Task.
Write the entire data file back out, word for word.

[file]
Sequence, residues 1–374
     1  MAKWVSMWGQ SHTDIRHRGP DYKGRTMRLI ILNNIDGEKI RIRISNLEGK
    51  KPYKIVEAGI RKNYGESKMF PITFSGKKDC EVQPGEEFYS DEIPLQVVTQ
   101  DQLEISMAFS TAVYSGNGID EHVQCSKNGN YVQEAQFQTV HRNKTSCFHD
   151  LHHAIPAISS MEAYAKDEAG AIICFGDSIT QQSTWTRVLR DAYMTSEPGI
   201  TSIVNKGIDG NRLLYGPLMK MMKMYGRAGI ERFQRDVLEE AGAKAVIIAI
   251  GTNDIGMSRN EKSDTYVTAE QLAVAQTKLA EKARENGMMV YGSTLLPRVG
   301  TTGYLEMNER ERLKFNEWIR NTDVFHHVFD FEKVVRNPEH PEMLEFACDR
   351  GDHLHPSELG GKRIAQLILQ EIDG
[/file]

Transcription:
Sequence, residues 1–374
     1  MAKWVSMWGQ SHTDIRHRGP DYKGRTMRLI ILNNIDGEKI RIRISNLEGK
    51  KPYKIVEAGI RKNYGESKMF PITFSGKKDC EVQPGEEFYS DEIPLQVVTQ
   101  DQLEISMAFS TAVYSGNGID EHVQCSKNGN YVQEAQFQTV HRNKTSCFHD
   151  LHHAIPAISS MEAYAKDEAG AIICFGDSIT QQSTWTRVLR DAYMTSEPGI
   201  TSIVNKGIDG NRLLYGPLMK MMKMYGRAGI ERFQRDVLEE AGAKAVIIAI
   251  GTNDIGMSRN EKSDTYVTAE QLAVAQTKLA EKARENGMMV YGSTLLPRVG
   301  TTGYLEMNER ERLKFNEWIR NTDVFHHVFD FEKVVRNPEH PEMLEFACDR
   351  GDHLHPSELG GKRIAQLILQ EIDG